According to the Kevin Bowe interview, this is the one song they spent the most time on and it begs the question, WTF? Look, hearing the band cover the leather lover Sondheim classic is great. Again, all the Replacement trademarks are there, the irony, the humor, the playfulness, etc. One of the reasons it works so well is because you don’t expect it to work, at all. The Replacements were masters of making shit work that has no business working. This song should be a disaster and it’s not. Quite the contrary and while I remain befuddled by the choice, they did what they always do, they made it their own.

So, is the first Replacements release in 20 years worth the time and money investment? Without a doubt. If you are a fan. If you’re not a fan, odds are this won’t convert you. That’s not to say it’s “only for the fans”, it’s certainly not. The band and it’s die hard fan base (the previously mentioned ‘matheads) share a common sensibility which is “Great, check it out, if you like it, awesome, welcome…if you don’t, bugger off.” But if this is your entry to the wonderful and whacky world of the Replacements, you’ll probably walk away scratching your head wondering what the fuss is about.

But don’t forget, this is about much much more than a Replacements reunion, it’s about helping an ailing musician and his family get the type of care they need and deserve. So, pony up the money regardless you cheap bastards.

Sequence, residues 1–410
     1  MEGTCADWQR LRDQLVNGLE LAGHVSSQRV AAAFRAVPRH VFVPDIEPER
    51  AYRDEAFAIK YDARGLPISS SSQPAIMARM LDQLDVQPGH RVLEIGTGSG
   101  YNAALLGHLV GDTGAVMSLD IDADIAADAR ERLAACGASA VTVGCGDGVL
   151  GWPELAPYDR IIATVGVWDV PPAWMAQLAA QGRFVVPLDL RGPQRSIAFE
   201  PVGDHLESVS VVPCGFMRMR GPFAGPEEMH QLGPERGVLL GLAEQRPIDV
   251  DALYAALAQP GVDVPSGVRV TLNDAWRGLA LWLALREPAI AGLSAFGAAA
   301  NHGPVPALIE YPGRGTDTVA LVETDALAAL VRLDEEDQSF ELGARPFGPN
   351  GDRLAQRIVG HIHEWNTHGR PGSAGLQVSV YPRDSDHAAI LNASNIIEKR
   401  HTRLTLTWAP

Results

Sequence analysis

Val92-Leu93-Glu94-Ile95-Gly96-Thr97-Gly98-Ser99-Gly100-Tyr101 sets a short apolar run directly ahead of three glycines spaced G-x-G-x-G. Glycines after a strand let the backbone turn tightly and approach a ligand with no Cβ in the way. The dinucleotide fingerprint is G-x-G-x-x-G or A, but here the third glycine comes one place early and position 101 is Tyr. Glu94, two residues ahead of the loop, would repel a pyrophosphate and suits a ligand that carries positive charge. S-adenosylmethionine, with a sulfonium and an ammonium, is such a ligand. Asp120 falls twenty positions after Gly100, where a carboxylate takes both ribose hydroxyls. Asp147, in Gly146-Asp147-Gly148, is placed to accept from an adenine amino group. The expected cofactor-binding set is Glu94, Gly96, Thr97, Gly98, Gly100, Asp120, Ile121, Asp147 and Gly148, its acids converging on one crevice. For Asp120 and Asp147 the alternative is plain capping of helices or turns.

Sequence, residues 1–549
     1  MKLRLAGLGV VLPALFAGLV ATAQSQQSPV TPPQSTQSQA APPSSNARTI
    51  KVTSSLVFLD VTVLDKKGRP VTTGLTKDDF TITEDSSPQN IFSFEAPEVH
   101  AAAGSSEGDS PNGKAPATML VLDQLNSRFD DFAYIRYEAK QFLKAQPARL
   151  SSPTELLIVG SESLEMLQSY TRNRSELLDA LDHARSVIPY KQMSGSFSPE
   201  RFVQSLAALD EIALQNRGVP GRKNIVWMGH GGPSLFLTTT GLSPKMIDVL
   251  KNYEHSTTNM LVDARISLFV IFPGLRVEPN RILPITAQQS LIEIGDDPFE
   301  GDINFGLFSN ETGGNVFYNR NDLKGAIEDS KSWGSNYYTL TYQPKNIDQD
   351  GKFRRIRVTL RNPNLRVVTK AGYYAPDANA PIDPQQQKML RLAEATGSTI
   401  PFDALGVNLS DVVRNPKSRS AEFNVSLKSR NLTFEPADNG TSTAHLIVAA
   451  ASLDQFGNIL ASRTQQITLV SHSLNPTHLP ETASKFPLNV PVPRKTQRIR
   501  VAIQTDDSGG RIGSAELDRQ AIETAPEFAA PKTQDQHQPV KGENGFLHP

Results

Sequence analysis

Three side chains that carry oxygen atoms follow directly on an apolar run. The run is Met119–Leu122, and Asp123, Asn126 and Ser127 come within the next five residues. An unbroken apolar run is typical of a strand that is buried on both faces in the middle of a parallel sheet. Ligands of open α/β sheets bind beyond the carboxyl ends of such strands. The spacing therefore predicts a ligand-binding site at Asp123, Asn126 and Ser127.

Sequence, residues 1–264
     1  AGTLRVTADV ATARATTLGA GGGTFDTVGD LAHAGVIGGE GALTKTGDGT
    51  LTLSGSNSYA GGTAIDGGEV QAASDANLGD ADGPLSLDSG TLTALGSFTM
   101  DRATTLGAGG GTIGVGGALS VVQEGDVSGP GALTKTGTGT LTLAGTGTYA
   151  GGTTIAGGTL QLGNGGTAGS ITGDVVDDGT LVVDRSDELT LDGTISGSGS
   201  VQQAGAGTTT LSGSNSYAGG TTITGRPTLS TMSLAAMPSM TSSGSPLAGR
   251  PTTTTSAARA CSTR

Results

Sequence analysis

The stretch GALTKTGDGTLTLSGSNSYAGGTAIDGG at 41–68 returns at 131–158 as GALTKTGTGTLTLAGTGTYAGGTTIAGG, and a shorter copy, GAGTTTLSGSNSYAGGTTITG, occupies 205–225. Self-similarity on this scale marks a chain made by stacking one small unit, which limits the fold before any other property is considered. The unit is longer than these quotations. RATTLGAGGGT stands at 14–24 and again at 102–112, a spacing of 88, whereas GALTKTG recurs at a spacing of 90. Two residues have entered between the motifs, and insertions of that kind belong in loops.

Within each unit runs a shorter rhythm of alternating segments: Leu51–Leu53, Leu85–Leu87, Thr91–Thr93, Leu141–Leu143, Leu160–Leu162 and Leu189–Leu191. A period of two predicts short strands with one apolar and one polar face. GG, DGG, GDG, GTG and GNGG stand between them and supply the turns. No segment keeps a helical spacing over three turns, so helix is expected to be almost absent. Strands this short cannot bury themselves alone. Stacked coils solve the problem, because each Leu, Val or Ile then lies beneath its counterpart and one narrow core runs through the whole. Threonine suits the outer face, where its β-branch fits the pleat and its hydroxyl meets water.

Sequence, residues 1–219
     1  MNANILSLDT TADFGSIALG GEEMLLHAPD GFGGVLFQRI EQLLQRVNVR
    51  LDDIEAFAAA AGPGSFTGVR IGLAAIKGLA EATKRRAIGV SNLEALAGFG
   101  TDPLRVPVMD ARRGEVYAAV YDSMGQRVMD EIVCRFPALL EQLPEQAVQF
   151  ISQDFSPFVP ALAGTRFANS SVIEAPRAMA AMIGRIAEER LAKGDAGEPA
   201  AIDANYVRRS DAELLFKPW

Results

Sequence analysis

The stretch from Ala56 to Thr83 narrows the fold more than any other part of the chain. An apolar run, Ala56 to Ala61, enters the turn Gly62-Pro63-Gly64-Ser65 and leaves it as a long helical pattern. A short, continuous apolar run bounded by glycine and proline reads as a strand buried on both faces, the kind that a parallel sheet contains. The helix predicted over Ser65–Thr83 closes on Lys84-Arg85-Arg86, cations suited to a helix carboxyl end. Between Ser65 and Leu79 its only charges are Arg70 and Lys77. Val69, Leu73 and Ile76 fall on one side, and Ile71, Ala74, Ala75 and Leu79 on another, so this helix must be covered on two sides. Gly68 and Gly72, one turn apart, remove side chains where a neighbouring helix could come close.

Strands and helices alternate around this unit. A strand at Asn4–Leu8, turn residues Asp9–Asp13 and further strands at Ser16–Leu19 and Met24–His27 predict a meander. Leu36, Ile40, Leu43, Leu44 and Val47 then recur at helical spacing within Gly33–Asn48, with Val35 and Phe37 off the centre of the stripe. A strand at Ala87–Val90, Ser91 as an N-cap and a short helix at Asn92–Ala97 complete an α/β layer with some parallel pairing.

Songs for Slim
Paul Westerberg
Tommy Stinson
Chris Mars

* – even mediocre Replacements is better than most peoples best stuff.

And this too shall pass.

AKAlice H. Kanner

“I left in love, in laughter, and in truth.
Wherever truth, love and laughter abide, I am there in spirit.”

– Bill Hicks

Much like every teenager, I was a rebellious and moody kid. Which provided a fair amount of tension in our household, especially in the conservative enclave of Centerville, Ohio. Suffice it to say, the ear piercings, underage drinking, pot smoking and overall recklessness did not go over well with anyone, but mostly, my parents. Accordingly, sometime in my last semester of high school my father entered into negotiations, as secretive as the 1971 Paris peace talks, with my aunt and uncle in Chappaqua, New York for me to spend a month with them after I finished high school. Presumably to get me out of the house and maybe slap some sense into the 18 year old.